Free Exchange rightly criticizes Ted Gayer at Brookings for his argument is that if households and firms are forgoing a profit opportunity (the supposedly profitable decision to weatherize buildings), then cap-and-trade will not work because these same households and firms will ignore all of the cost-saving profit opportunities that cap-and-trade is meant to induce. His reasons that:

“If cap-and-trade does not drive down costs, then EPA regulators might feel justified in imposing inflexible, command-and-control regulations to reduce greenhouse gas emissions. Why establish a flexible, market-based approach when consumers and firms (but apparently not analysts) lack the ability to identify and act upon the least costly means for reducing pollution?”

Gayer should think hard before espousing the logic that “if markets participants aren’t currently doing something that is profitable, then market based mechanisms won’t work, so you might as well go with command-and-control policies”. Paul Krugman and Robert Reich might jump at this statement in full agreement that we need a new Federal Weatherization Workforce; a fully unionized, public option for weatherizing homes, as well as a weatherization mandate. He should be careful what he wishes for.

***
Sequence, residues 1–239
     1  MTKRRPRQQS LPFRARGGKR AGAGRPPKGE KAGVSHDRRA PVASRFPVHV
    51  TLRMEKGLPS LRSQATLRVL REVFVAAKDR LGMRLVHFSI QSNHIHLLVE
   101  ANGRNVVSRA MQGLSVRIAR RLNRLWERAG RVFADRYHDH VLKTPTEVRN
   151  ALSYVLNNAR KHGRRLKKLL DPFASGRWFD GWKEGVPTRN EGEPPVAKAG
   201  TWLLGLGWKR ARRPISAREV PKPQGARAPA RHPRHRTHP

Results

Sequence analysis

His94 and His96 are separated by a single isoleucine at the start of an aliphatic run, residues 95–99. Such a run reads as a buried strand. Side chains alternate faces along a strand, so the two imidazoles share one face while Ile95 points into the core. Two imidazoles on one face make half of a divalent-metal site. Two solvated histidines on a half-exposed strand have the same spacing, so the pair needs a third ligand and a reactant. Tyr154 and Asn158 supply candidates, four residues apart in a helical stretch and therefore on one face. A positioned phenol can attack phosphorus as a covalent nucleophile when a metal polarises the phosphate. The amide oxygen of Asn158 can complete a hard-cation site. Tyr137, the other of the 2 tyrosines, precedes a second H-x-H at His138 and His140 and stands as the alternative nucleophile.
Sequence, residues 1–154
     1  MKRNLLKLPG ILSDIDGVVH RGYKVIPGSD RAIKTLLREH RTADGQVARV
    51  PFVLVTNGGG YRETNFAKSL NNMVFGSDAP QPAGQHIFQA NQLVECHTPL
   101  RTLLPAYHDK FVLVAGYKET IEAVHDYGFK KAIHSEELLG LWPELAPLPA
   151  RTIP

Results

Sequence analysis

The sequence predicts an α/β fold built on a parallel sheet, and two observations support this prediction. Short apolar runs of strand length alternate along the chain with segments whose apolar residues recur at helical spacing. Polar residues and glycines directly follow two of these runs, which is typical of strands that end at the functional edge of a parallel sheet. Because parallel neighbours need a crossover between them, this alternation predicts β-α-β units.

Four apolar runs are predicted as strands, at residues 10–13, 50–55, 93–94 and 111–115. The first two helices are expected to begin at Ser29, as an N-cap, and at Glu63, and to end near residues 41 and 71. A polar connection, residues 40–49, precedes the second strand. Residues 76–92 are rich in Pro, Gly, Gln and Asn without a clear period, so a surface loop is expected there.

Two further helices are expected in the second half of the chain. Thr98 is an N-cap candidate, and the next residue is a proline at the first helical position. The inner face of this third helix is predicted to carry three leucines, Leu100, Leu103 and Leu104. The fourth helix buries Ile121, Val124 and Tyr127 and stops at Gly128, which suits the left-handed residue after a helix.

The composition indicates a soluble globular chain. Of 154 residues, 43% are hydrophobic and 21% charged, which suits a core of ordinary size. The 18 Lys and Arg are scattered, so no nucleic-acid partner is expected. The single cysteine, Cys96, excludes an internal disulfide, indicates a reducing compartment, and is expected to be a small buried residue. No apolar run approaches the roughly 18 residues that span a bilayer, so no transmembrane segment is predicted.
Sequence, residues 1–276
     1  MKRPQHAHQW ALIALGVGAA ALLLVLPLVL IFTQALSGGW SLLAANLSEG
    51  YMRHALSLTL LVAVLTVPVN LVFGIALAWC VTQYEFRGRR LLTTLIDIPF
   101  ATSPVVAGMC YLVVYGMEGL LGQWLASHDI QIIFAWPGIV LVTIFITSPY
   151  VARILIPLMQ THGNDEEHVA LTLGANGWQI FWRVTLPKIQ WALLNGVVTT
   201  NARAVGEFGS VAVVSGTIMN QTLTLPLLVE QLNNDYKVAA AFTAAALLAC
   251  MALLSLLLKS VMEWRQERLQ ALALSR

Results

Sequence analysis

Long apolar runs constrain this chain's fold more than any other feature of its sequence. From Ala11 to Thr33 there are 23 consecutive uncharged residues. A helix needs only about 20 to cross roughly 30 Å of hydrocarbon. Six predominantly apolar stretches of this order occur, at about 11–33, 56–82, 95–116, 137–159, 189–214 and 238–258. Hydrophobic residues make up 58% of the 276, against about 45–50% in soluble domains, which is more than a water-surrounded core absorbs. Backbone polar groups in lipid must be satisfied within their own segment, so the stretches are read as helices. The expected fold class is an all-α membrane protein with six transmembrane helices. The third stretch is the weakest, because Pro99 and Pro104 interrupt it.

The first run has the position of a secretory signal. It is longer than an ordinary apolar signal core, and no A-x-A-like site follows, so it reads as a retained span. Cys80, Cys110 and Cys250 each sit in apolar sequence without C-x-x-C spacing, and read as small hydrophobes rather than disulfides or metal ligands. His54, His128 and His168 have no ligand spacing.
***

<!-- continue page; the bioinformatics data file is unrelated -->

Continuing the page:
In addition to being terribly misguided, Free Exchange is right to call his argument “too-clever-by-one-half”, because it is also incorrect;. Even if all homeowners and business are currently incorrectly underestimating the returns to weatherization, if cap-and-trade raises energy prices, people might still estimate that weatherization has, on the margin, become a profitable investment.

Say, for instance that all households have identical costs of weatherization of X and benefits of X + e, with X and e > 0. Also assume all households are underestimating the benefits by some amount k > e, such that they view the net benefit as X + e – X – k = e – k < 0, i.e. the net benefits are negative. Say cap-and-trade raises the benefit of weatherization by k, and everyone can clearly observe that. Then the benefits of weatherization are X + e – X – k + k = e   > 0, i.e. the benefits are net positive. Ta-da!

This is just an algebraic way of saying all that we need to happen is for cap-and-trade to raise the benefits of weatherization by as much as some households and firms are underestimating it by, then some households will respond to cap-and-trade by weatherizing.

Unless, of course, households and firms can’t estimate net present value when you’re in a liquidity trap. In this case, we may need the weatherization public option and mandate.

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